Moms in Business: Get to know Sara Mauskopf
Sara Mauskopf has hopped from one hot tech company to another in her nine years in the Bay Area: From Google, to Twitter, to Postmates. But after giving birth to her first child in June 2015, Mauskopf realized there was a big void in the tech world for parenting apps. So she left Postmates and started Winnie in January 2016, Winnie launched its mobile app to help parents find everything from parks to family-friendly restaurants.
“A lot of parents don’t live in cities,” she said. “It’s really important that our product works everywhere, not just in major urban centers but in suburban environments.”
First, give us a little background on how you got to where you are now: What did you always think you wanted to do for a career, and how did it lead (or change) to where you are now?
I majored in Computer Science at MIT and went to work for Google when I graduated college. I spent a few years at Google and YouTube before leaving in 2010 to join Twitter as a Product Manager. Twitter was an awesome, wild ride and I got to watch the company grow from a small startup to a public company with thousands of employees. After Twitter I joined Postmates as their head of product to grow and lead their product team and not long after became pregnant with my daughter.
I am not the type of person who always dreamed of being an entrepreneur. I didn’t run a lemonade stand as a kid or have side businesses. But after becoming a mom I became really passionate about making the world better for parents and I saw a big opportunity to build tech to help.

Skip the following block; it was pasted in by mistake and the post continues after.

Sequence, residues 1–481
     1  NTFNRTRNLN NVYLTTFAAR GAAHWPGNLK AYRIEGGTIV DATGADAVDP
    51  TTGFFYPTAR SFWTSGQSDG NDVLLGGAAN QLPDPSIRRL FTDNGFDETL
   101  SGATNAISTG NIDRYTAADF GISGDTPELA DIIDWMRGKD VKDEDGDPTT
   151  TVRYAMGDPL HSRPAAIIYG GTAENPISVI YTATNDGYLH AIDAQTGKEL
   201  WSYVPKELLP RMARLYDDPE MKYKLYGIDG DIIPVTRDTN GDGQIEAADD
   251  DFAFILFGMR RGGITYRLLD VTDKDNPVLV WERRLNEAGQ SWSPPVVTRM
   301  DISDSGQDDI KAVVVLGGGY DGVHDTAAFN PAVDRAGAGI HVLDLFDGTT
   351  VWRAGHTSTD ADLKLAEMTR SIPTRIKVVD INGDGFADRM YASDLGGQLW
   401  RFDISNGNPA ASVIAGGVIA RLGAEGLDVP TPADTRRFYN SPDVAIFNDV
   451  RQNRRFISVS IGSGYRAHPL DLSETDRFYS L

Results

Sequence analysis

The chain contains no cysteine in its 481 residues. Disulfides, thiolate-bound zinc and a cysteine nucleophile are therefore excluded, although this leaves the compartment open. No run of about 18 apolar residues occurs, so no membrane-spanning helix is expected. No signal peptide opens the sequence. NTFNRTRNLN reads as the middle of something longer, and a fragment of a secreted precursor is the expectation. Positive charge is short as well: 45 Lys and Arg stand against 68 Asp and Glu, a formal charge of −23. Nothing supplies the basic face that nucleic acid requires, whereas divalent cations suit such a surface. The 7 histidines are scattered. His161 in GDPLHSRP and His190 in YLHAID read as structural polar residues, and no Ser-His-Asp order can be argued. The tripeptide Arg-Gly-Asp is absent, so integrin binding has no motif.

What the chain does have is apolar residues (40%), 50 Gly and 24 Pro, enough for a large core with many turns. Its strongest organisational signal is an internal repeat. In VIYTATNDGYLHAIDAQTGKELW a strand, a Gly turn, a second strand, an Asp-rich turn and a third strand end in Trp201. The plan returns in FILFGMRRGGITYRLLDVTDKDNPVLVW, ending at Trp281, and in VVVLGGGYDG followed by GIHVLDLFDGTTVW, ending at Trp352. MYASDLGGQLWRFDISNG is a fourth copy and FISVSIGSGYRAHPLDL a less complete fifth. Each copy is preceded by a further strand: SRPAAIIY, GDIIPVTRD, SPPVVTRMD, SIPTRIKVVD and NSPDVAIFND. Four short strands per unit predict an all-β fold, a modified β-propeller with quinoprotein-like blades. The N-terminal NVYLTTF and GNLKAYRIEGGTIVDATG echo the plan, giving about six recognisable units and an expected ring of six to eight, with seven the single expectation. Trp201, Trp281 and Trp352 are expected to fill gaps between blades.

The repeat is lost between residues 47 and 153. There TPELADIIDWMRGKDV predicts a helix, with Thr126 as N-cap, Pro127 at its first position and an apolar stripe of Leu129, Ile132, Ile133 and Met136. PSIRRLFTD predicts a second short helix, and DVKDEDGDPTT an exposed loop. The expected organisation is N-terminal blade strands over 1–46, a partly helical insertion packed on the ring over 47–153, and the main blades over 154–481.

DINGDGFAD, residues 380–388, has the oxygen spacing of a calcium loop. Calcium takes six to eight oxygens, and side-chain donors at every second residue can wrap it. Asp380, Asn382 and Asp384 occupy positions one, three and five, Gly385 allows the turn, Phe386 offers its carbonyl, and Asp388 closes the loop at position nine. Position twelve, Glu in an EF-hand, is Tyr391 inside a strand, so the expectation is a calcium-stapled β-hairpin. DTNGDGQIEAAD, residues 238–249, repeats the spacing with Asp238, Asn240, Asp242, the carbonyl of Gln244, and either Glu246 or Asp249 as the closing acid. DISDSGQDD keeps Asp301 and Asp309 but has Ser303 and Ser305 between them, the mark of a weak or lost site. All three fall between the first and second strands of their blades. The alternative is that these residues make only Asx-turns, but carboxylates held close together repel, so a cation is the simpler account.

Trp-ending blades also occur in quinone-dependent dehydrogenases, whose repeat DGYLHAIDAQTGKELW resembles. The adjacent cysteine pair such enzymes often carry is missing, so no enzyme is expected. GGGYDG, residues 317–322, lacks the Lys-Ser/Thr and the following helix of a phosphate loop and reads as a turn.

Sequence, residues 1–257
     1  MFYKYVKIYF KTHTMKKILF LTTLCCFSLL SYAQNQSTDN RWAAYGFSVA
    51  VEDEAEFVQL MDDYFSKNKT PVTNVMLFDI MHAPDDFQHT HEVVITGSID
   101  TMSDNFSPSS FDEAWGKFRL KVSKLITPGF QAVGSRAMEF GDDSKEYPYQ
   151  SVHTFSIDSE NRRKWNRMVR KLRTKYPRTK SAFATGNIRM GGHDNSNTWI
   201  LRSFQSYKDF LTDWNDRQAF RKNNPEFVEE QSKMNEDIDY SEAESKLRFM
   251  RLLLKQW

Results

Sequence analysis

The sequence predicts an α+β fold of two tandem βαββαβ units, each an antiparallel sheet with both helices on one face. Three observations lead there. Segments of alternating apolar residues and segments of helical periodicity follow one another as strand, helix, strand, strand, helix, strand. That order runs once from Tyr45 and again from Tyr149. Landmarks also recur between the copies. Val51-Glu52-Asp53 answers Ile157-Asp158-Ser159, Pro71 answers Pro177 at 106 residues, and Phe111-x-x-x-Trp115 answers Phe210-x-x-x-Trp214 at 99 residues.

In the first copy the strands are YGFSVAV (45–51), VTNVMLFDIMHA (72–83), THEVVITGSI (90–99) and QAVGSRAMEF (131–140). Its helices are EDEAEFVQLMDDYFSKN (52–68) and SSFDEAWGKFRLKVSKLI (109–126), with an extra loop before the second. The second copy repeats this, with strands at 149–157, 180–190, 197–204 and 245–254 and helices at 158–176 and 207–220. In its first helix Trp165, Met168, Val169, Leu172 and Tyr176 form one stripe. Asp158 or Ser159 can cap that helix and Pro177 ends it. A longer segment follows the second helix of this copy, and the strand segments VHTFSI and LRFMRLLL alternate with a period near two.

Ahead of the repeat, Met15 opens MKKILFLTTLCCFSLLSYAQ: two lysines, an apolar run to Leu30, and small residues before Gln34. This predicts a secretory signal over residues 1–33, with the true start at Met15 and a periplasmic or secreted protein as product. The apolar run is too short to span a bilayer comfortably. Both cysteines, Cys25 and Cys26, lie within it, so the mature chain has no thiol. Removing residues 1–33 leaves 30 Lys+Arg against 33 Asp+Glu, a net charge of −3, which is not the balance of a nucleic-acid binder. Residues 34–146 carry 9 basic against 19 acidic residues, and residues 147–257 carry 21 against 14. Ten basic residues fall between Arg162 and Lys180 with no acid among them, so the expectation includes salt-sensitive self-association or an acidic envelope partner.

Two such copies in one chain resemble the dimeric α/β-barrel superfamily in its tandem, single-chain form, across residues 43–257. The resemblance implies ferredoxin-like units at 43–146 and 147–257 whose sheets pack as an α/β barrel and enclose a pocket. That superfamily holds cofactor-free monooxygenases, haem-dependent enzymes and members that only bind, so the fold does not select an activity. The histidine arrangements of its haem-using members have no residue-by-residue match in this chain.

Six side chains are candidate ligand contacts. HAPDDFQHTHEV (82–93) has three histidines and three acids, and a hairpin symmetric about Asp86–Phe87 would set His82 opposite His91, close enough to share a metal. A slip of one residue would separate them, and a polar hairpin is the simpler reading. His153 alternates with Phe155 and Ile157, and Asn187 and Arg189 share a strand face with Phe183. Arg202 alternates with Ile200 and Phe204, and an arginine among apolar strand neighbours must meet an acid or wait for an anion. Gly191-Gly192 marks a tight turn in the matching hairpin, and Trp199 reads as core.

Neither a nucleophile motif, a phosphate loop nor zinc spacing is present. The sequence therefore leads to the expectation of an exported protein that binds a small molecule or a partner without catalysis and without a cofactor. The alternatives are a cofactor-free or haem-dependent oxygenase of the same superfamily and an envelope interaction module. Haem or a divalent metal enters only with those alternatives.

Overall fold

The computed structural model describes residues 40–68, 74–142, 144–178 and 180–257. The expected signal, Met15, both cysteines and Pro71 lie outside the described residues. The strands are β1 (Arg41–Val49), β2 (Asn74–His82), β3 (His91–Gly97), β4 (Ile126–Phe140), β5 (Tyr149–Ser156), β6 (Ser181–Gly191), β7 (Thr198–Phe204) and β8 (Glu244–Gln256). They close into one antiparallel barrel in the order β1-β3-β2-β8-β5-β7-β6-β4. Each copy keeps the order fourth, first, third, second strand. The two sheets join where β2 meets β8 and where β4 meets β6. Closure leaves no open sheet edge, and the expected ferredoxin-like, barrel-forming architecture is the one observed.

Talk to us about Winnie, and what it means for you to help other parents.
Shortly after having my daughter I realized that there was so much information that I needed as a parent, everything from where to find great childcare to what to do on the weekends to how to breastfeed. Some of this information was available online but a lot of it was not. The more I started talking to Anne Halsall, my now co-founder, the more we realized that there was a real opportunity to build technology for this new generation of modern parents.
We quit our jobs and founded Winnie in 2016. Winnie is the app that gives parents superpowers. Whether you want to find new things to do with your kids, ask for advice, find local childcare, or just get to the nearest changing table in a hurry, Winnie can help.
For me personally, it’s been really motivating to wake up each morning and work on making the world a better place for parents. We hear from parents all the time about how Winnie helped them go back to work because they could find affordable daycare, or find enriching experiencing to have with their children in the real world, or just gave them the support they needed to get through the day.
How many children do you have, and what are their ages?
I have a 2.5 year old daughter Bryn and another daughter on the way!
How does your daily job impact the way that you raise your own children, if at all?
It’s pretty cool to work on a product that directly helps me! I use Winnie for any and all of my parenting questions from finding a preschool to potty training to my more recent struggle with infertility.
On the flipside, how does having children affect your business decisions?
My family helps put everything into perspective for me. It’s easy when you’re running your own company to be stressed all the time and think everything about your company is a life or death situation. I have literally never felt that way about my company though. I don’t sweat the small stuff at all and that is a huge asset as an entrepreneur. My family’s health and happiness is all I truly “sweat” in life and I think that level of perspective helps me take really big risks with my business because I’m not afraid of anything.
Describe what a typical (business) day looks like for you.